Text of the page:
In this invention, diffraction gratings are formed with nematic liquid crystal samples confined between substrates, and these diffraction gratings operate at wavelengths determined by the repeat spacing of the convective rolls into which the liquid crystals assemble. The spacing can range up to about 1 mm, yielding infrared performance at wavelengths up to about 250 μm. The grating spacing and structure factor can be tuned during manufacture of the diffraction grating by controlling the amplitude and frequency of the applied electric field. The spatial periodicity of the diffraction grating arises from the intrinsic properties of the nematic liquid crystal materials.
 More particularly, this invention relates to a diffraction device in which the diffractive element, i.e., the grating, is an array of periodic convective rolls that forms when a polymerizable mixture, which contains nematic liquid crystal and is disposed between substrates, is subjected to an electric field of appropriate frequency and amplitude. The polymerizable mixture includes nematic liquid crystal, dopant, polymerizable precursor, and a polymerization initiator. In a particularly preferred embodiment, the polymerizable precursor is photopolymerizable, and the initiator is a photoinitiator.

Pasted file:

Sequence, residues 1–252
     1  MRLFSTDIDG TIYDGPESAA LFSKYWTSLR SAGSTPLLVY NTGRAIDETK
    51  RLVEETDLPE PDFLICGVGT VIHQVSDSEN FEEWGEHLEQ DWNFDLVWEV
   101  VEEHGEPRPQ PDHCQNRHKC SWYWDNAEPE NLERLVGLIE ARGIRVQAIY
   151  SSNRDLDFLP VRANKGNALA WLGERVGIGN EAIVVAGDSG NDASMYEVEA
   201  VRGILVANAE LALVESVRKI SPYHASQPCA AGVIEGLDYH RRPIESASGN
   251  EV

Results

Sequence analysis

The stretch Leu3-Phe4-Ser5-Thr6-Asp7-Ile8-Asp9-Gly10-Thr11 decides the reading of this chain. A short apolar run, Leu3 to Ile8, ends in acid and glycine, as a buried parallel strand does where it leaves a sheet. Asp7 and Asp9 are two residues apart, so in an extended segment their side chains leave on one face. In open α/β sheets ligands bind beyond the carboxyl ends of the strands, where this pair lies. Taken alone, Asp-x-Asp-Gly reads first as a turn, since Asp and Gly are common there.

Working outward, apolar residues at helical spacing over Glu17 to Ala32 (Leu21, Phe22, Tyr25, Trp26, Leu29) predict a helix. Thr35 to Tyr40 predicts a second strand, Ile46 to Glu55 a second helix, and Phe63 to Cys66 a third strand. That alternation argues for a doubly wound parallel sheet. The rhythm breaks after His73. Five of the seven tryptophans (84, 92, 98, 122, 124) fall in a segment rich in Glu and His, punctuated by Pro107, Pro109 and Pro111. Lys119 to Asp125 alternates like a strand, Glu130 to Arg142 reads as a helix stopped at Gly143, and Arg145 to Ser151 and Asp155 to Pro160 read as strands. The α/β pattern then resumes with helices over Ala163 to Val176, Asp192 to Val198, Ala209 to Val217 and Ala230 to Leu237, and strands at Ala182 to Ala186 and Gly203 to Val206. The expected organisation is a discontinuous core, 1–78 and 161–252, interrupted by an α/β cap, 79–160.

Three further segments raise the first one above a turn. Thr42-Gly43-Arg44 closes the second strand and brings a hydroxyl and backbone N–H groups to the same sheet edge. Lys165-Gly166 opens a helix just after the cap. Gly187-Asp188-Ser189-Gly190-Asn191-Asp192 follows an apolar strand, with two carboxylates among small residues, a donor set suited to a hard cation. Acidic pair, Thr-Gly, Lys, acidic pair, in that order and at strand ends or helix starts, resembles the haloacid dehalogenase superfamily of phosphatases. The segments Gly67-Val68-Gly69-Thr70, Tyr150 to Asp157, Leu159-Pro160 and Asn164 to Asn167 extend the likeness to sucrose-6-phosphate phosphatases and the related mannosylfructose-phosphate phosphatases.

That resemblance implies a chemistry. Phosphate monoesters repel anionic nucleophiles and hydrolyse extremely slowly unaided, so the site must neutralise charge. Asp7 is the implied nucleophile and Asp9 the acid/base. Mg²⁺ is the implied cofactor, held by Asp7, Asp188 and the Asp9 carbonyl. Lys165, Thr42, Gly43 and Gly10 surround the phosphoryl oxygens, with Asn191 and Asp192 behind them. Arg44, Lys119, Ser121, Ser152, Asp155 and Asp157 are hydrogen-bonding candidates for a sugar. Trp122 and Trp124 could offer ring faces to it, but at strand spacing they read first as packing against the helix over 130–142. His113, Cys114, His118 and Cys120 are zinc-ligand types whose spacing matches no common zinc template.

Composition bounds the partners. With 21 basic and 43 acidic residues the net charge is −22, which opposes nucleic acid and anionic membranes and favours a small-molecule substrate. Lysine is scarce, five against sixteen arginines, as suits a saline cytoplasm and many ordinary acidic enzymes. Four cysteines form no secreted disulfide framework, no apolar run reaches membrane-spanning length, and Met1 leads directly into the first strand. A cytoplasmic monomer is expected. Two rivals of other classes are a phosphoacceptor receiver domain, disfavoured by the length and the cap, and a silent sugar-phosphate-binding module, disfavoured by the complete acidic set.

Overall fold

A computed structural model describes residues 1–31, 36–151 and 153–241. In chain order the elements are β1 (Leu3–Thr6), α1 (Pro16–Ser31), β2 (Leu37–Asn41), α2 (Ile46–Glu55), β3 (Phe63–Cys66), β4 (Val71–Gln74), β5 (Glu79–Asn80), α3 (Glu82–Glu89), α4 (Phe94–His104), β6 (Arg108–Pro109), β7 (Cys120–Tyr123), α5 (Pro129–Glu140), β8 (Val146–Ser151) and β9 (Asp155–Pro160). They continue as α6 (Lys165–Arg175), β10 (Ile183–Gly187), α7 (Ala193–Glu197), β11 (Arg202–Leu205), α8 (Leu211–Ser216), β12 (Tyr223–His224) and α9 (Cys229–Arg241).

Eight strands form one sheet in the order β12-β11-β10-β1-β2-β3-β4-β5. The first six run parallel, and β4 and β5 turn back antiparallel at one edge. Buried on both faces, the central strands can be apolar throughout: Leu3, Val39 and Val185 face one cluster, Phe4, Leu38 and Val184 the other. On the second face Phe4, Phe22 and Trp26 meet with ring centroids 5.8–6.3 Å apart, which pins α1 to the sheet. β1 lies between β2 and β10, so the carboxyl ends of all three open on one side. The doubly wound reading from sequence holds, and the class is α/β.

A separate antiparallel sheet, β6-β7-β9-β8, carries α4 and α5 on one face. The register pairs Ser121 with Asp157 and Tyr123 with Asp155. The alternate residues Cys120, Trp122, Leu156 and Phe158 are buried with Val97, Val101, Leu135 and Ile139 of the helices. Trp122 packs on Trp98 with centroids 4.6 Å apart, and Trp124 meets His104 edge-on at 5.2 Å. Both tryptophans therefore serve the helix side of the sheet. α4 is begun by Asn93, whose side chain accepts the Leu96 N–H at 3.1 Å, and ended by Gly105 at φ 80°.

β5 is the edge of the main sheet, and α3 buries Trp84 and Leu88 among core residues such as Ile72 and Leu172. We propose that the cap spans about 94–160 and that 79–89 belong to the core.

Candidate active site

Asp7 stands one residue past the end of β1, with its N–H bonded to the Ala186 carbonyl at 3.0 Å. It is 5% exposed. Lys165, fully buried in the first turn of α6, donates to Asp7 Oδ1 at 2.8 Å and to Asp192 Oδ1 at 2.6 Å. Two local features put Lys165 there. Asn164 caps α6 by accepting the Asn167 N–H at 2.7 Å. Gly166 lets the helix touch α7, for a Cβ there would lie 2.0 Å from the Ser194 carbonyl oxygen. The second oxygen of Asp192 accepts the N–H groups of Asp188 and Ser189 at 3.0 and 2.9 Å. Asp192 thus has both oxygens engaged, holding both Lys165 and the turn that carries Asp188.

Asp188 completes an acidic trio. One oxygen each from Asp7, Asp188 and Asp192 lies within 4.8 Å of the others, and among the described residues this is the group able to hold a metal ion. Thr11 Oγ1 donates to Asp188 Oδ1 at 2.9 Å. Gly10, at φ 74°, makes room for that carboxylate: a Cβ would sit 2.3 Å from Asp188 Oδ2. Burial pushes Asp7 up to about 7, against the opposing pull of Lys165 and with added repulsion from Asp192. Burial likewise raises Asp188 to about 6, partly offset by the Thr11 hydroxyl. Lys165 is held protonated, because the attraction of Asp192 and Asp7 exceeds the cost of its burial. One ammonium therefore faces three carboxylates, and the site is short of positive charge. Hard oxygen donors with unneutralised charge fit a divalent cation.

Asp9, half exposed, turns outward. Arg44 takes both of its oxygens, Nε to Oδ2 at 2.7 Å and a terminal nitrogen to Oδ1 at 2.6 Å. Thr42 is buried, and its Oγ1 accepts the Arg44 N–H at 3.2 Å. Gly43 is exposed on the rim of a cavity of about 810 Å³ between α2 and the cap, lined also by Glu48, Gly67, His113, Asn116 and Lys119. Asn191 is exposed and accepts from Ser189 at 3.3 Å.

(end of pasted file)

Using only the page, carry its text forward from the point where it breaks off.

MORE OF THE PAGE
In general, the present invention provides a tunable diffraction grating comprising a cell with a first cell wall spaced from a second cell wall, with electrodes disposed on facing surfaces of the first and second cell walls. An array of nematic liquid crystal convective rolls are arranged periodically in space between said first cell wall and said second cell wall, and a polymeric network stabilizes said array of nematic liquid crystal convective rolls.
 The present invention also provides a method for producing a diffraction grating comprising the steps of providing a polymerizable mixture of nematic liquid crystal, dopant, and polymerizable precursor, introducing the polymerizable mixture between two electrically conductive substrates; applying a potential difference across the liquid crystal to cause the nematic liquid crystal to assemble into an array of convective rolls; and stabilizing the convective roll structure by forming a polymer network from the polymerizable precursor, wherein the polymer network is templated by the convective roll structure.